She went to Auburn, and while she still was much more excited about the fact that she would now be able to live out her dream of playing football (since KD had an intramural football team) than she was about date parties and formals, we couldn't help but notice that she started dressing considerably better and even put on some make-up from time to time. Then, in the fall of her sophomore year, a Fiji from Arizona, named John David Cleveland asked her out on a real date...and she actually said yes. When she finally fell, she fell hard, and suddenly this girl who Mom had asked me to try and teach what flirting WAS because all her efforts had failed miserably, was suddenly in a constant state of hand-holding, close-face talking, and playful punching (instead of feeling the need to show the boy that she could punch just as hard as he could :)). I was in shock.
(A KerieCleveland picture--John David's sister is a great photographer!)
When I look at Taylor and John David together, I just laugh at how much greater God is at match-making than I am. I could not have CREATED a more God-loving, intelligent, good-looking, caring, hard-working, ambitious guy, who also happens to be nurturing in my sister's need and supportive in her ambitions. To really lay the icing on thick, he starts med school here in the fall, Taylor is finishing up her 5th year of architecture here...and they're going to live about 5 miles away!!! Now, for those of you who are worried, as I was before I met him, about the logistics of a Southern girl marrying a boy (and a family) from Arizona...what kind of accent do they have anyway? Let me just put your minds at rest, in that his Mom is originally from Montgomery and his Dad is originally from Huntsville, making him Southern at least by blood :). As far as his accent, there really is NO accent, because he's lived all over the country. I figure if we can get him to live down here a little longer, we might start to hear at least a little twang.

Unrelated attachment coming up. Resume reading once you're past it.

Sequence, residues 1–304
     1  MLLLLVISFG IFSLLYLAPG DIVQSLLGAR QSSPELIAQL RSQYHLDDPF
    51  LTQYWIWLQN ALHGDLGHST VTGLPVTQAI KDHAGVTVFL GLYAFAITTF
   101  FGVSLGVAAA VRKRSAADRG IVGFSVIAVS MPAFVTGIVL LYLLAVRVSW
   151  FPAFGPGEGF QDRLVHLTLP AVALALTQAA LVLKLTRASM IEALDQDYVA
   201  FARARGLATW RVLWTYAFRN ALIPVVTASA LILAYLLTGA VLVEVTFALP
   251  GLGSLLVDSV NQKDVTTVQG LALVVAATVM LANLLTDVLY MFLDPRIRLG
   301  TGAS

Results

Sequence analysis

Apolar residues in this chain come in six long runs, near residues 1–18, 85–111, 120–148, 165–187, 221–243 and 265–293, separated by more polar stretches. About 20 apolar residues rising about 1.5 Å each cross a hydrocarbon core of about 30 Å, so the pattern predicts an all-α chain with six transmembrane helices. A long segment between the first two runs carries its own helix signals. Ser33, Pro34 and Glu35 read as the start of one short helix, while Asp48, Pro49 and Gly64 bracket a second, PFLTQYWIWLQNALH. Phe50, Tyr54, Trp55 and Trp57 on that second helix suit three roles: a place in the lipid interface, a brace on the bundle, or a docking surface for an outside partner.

So, as you can tell, we've all been anxiously waiting for news that Taylor and John David were going to get married. In the meantime, Dad starts telling Caroline, Kendall, and I that in his search for a manly man trip for himself, he has run across another trip that he wants to take all of us on (I should mention here that he tried very hard to get Jeremiah to come as well, but there was just no working around his schedule). I was convinced, with the few clues he had given us for packing, that we were going on a cruise. We (the sisters) had all been fairly concerned about the fact that Taylor was not only not coming, but also that she had no idea we were even going on a trip. Dad just kept saying, "You don't have any idea how hard it is to line up all of your schedules to take a trip. Taylor just got back from Europe, she's in Phoenix with her boyfriend...and I've sent her on enough trips lately. She'll understand that!" Even so, Dad's plan to call Taylor once we got to our destination and tell her where we were and that we wished she were there, just seemed a bit cruel. We spent the night before we left all talking about how we were going to convince Dad that we needed to at least call and tell her BEFORE we left...Caroline couldn't even eat dinner she was so worried about it.